"OK" he said.

    We rode our bikes home. "So about Hank, I really like him. I think we should adopt him."

    "OK" he said.

    Later that night - "we REALLY need to talk about this - I think we NEED that dog!"

    OK!" he says. "I already told you - yes, fine. I agree. I've always wanted a dog, you never have, so if you feel like you connect with Hank, then yes, we should get him. I agree!"

    Huh. Well then.

    So the husband left town on business on Monday and I started dating Hank. We went out to dinner on Tuesday and he lounged underneath my chair. We went for a walk on the beach on Wednesday and he was completely obedient by my side. I scratched his ears and said "you are such a good boy" and I knew by the look on his face that he understood me. Perfectly. I didn't get to see him today and was distracted all day. My walk on the beach felt empty, hollow. I kept scanning the horizon to see if he'd appear with my friend. His bright orange leash visible at a distance and that springy step. Tail held high in the air.

    Does he miss me? Does he like me as much as I like him? Could them not walking this morning mean that my friend is having second thoughts - she doesn't want to let Hank go? She said that she stayed up too late watching the country music awards but maybe not? Maybe she just doesn't want me to spend any more time with Hank? Two women - one dog! Ugh. Handwringing, this all is.

    My unknowable god is clearly up to something on this one.

    In that way that happens when you meet someone and fall in love, I've started looking for signs, crafting storylines that all point to the fate involved in our meeting, our connected stars in a shared diamond speckled constellation. In the case of me and Hank, it has to do with the ravine.

    If you are able to follow this zigzagging storyline, you'll remember that Hank was rescued in a ravine. Well, this transpired exactly two days from the date our neighbor died in a ravine, in another state. It was a horrible shock - a 25 year old young man, perfectly healthy and an Army Reservist. Newly married. A freak accident. He was running through the woods and disappeared from his pack of friends during a lunchtime break. They got back to the office, expecting to find him there - it was really hot that day so they figured that maybe he bailed, cut off the trail and headed back to work. But no. He wasn't there.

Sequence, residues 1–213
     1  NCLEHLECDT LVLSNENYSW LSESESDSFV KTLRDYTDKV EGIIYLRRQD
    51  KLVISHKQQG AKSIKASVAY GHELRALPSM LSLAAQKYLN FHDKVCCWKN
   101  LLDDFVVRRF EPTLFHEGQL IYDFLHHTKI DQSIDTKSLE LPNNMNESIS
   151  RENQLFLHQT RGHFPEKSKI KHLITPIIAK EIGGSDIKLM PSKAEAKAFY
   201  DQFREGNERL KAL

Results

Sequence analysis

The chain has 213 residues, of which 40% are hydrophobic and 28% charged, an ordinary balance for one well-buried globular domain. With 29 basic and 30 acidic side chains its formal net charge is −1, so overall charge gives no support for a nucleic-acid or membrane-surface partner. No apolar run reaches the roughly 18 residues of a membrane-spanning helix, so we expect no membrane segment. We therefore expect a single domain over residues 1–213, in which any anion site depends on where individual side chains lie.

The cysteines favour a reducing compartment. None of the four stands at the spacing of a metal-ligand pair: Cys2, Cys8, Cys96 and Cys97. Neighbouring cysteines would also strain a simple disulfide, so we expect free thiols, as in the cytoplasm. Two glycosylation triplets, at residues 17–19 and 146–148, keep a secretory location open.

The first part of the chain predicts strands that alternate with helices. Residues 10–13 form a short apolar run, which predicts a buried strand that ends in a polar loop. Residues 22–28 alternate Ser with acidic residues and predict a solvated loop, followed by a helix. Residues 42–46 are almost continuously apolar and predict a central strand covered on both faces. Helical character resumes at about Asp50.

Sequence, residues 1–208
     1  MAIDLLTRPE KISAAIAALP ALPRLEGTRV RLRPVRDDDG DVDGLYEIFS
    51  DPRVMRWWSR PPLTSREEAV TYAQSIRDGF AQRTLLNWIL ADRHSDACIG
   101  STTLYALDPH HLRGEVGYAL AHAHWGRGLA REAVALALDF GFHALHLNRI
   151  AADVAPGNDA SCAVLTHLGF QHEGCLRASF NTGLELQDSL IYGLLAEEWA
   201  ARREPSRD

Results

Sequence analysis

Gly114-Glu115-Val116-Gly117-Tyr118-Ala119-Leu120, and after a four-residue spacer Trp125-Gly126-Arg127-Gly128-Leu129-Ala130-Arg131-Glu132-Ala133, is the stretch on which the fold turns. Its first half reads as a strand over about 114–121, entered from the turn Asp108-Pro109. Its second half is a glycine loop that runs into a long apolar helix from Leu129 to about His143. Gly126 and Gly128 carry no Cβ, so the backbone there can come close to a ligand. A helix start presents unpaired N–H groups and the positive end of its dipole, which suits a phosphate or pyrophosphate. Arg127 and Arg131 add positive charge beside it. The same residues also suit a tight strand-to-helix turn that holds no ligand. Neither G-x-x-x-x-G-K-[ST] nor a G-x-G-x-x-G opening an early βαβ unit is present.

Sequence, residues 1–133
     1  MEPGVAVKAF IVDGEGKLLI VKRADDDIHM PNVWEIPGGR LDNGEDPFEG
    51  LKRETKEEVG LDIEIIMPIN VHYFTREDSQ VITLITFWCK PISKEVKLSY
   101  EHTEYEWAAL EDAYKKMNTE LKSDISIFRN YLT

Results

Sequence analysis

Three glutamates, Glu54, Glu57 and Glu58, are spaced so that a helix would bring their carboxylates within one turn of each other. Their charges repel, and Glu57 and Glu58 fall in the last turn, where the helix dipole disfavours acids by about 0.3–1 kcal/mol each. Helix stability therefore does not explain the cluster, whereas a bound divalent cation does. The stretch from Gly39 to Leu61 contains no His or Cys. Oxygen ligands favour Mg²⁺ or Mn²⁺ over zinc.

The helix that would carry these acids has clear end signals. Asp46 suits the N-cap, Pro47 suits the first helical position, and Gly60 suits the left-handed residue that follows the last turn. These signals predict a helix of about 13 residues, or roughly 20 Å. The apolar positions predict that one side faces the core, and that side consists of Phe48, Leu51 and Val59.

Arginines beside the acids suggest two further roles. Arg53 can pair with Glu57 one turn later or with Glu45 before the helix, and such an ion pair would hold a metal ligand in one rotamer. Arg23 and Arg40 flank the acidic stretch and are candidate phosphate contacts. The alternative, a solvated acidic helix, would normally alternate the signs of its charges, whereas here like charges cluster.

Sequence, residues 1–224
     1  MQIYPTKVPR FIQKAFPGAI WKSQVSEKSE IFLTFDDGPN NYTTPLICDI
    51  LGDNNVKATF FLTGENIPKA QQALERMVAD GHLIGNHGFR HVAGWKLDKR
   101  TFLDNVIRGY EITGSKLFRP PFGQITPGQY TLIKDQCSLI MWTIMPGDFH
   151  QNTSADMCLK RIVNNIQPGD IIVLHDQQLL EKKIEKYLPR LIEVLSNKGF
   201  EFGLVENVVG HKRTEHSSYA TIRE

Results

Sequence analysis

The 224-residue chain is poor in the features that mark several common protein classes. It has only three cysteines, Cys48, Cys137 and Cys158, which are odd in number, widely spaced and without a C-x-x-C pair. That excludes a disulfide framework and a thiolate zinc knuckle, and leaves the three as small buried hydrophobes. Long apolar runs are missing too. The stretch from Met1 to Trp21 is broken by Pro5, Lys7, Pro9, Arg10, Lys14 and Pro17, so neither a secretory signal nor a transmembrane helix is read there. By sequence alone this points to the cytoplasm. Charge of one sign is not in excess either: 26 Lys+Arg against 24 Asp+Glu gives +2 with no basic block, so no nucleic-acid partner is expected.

They called the police and a hunt began. He was found dead in the bottom of a ravine. No foul play was expected. They surmise that he either collapsed from heat exhaustion and fell, or had an undiagnosed heart problem and had a fatal heart attack.

    When I heard the news about Chris my reaction was intense, more than I would've guessed. As a mother, the thought of losing one of my children is my biggest fear, my monster under the bed. Sobbing uncontrollably, I was thinking about Jen, his mom, and how could she possibly have heard, and live through, the news. When I told my son Spencer, his reaction was equally intense. Spence grew up with this pack of boys, knew them all as best friends and brothers his whole life, since the age of 5. Seeing my my big dog of a 20 year old crying like an injured toddler in my arms at the news and thinking "what if..." was gut wrenching.

    It took me at least week to write a sympathy card, because I couldn't find the words. I finally said "I have to believe that your son's spirit was needed elsewhere. He was called to do something greater, somewhere else." Not quite the fate that they believe in as religious folks but my version of a spontaneous "you - here - now" type of scenario where the unknowable god pulls the energy out of one living thing and draws it down into something else. As a gardener, I know for a fact that nothing is wasted. One thing dies and is recycled into compost to support the growth of something else. It's a closed circle system - everything affects everything else. Where and what Chris is now I have no way of knowing. But I don't think he's up in the clouds cavorting with humans he once knew and loved. He's more likely to be here right now, maybe in lots of things and people at once.